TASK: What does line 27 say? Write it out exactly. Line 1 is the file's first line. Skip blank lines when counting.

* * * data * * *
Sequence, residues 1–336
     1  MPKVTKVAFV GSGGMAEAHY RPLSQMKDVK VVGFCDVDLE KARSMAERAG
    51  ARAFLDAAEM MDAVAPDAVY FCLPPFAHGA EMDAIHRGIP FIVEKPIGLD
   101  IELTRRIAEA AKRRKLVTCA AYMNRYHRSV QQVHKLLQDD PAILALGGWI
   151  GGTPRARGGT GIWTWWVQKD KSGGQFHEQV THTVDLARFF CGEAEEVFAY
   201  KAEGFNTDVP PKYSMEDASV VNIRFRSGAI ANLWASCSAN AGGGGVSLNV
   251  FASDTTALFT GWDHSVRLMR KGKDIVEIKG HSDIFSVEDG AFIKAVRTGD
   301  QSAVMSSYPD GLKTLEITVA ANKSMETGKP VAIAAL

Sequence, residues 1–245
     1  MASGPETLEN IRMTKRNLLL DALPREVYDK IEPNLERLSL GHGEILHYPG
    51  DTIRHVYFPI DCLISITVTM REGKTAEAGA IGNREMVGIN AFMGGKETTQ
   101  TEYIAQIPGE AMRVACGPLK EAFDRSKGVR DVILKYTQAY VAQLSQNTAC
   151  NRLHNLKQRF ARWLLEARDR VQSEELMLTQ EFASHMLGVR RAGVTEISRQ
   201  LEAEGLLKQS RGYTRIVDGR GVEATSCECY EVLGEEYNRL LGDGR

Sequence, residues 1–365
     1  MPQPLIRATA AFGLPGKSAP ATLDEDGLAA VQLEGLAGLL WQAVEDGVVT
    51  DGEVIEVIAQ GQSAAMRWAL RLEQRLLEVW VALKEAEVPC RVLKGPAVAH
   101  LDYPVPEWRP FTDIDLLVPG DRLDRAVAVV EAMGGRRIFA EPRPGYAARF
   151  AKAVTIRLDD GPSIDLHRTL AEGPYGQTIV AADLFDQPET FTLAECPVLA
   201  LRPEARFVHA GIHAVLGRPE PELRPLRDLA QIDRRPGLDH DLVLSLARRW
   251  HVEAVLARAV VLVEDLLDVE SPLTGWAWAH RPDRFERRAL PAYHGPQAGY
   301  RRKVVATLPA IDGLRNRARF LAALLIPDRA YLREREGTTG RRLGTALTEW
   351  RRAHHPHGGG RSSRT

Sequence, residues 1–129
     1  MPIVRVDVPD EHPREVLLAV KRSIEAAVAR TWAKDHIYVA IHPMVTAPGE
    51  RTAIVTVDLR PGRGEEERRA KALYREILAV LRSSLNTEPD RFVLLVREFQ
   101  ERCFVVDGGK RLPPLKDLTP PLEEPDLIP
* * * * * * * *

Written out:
   101  ERCFVVDGGK RLPPLKDLTP PLEEPDLIP